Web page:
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February 21, 2008

Introducing overload.js

Filed under: Javascript, MooTools, OOP — Tags: , , , — Zeal_ @ 10:09 pm

Overload.js is a tiny but handy library for MooTools, my attempt at shaping Javascript towards being a more OOP-esque language. It lets you overload methods of a class to do different things based on their actual parameters.

Although it is not production code yet, it works pretty much as expected. Call it 0.1, and maybe spice it with a touch of “beta” too ;)

A class with an overloaded method, setColor, looks like this:

var Color=new Class({
	r:0,
	g:0,
	b:0,
	initialize:function() {
	},
	setColor:overload({
		"string":function(s) {
			var r = parseInt(s.substr(1,2), 16);
			var g = parseInt(s.substr(3,2), 16);
			var b = parseInt(s.substr(5,2), 16);
			this.setColor(r,g,b);
		},
		"int int int":function(r,g,b) {
			this.r = r;
			this.g = g;
			this.b = b;
		}
	}),
	toString:function() {
		return '#' + this.r.toString(16) + this.g.toString(16) + this.b.toString(16);
	}
});

Here, setColor may be called with either one argument of the type ‘string’, or three arguments of the type ‘int’. It is worth noting that type matching is done via the following function:

function match_type(type_name, arg) {
    switch(type_name) {
        case 'string': return $type(arg) == 'string';
        case 'int': return ($type(arg) == 'number') && (!arg.toString().contains('.'));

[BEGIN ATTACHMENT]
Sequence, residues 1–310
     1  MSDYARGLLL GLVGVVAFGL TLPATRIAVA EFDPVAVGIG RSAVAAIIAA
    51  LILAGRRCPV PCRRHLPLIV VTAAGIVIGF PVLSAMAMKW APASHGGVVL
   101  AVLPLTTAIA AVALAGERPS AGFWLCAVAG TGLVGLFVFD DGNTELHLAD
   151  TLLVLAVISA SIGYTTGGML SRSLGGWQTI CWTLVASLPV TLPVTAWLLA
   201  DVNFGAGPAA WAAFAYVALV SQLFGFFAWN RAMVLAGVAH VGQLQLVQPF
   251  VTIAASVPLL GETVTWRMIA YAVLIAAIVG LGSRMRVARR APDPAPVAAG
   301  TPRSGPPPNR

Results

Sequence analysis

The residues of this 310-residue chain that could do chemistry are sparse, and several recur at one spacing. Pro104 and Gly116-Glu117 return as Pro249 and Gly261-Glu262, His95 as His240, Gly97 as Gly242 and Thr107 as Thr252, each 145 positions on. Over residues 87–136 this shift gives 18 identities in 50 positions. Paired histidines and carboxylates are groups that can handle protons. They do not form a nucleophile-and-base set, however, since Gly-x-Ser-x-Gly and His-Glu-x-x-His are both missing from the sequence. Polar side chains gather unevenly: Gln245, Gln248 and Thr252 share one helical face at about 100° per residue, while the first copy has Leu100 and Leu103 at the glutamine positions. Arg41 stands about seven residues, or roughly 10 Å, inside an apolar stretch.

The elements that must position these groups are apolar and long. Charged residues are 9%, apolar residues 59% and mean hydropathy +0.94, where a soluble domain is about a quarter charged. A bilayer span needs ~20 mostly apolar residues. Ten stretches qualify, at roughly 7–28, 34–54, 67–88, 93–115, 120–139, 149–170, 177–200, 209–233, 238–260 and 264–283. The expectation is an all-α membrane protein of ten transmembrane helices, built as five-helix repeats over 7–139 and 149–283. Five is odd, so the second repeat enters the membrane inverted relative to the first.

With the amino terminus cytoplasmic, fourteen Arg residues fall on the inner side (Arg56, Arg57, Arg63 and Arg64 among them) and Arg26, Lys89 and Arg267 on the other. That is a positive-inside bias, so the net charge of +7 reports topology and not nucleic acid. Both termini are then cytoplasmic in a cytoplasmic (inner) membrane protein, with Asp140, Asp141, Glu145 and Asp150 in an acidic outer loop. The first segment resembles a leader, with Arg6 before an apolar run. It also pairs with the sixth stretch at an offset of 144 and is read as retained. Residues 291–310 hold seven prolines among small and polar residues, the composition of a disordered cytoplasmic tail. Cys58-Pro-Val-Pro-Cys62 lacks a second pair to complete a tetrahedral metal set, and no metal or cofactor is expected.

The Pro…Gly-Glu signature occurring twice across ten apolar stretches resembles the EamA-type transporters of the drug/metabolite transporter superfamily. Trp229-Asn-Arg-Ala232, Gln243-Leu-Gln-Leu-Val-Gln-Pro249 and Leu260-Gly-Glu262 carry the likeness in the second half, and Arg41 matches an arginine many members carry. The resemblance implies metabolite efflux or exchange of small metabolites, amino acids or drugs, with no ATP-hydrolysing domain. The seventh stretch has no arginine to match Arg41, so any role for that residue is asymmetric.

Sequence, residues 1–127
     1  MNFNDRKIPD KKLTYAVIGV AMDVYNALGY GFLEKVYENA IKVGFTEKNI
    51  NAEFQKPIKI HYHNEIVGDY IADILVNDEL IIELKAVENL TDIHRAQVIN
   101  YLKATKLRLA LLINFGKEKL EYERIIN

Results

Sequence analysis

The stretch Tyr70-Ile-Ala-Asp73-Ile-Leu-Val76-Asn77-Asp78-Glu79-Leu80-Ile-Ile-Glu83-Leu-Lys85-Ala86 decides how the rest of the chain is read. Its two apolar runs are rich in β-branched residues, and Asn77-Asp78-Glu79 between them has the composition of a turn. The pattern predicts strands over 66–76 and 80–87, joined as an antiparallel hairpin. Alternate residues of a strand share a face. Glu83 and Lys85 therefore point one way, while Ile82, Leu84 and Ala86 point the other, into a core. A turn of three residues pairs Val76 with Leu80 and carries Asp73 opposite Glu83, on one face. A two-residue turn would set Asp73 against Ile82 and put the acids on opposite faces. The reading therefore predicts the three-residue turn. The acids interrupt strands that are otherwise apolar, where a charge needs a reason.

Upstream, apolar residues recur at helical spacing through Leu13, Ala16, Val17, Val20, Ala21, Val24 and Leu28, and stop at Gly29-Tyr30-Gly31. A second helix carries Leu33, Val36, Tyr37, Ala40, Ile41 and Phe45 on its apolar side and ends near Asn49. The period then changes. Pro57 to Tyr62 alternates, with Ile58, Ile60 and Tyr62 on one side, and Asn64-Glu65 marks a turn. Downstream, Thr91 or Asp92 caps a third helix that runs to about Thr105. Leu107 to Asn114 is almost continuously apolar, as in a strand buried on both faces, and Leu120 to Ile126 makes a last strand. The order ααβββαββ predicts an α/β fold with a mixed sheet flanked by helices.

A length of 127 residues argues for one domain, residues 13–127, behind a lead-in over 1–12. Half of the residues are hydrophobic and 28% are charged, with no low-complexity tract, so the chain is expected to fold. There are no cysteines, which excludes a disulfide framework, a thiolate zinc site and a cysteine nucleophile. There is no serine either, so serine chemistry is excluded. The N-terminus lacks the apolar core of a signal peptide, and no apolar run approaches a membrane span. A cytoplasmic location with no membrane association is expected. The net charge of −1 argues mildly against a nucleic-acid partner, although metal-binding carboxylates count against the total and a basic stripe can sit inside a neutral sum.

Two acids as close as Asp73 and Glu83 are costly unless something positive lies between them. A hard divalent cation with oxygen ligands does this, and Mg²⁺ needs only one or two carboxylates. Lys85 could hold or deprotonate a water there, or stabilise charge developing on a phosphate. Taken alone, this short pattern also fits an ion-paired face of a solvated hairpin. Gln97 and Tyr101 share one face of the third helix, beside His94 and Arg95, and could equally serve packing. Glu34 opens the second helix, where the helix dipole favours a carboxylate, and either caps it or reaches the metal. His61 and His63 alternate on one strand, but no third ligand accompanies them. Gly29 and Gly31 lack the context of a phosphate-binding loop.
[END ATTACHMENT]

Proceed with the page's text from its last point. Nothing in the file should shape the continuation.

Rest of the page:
case 'float': return ($type(arg) == 'number') && (arg.toString().contains('.'));
        case 'array': return ($type(arg) == 'array');
        case 'object': return ($type(arg) == 'object');
    }
    return eval('arg instanceof ' + type_name);
}

Thus,

  • a string, an array or an object argument is recognized based on their types
  • a float or an integer argument is recognized based on their type being number, and whether if they contain or don’t contain a decimal dot, respectively.
  • an argument of any class (e.g. Element or Ajax) is recognized using eval and instanceof.

I think the most serious problem with the current implementation is that there is no fallback mechanism should formal parameter type matching fail. So,


var c = new Color();

c.setColor("first", "second");

doesn’t call any of the overloaded methods, nor does it notify the user.

Please find attached overload.js in its present form: overload.js.

Comments are welcome! :)

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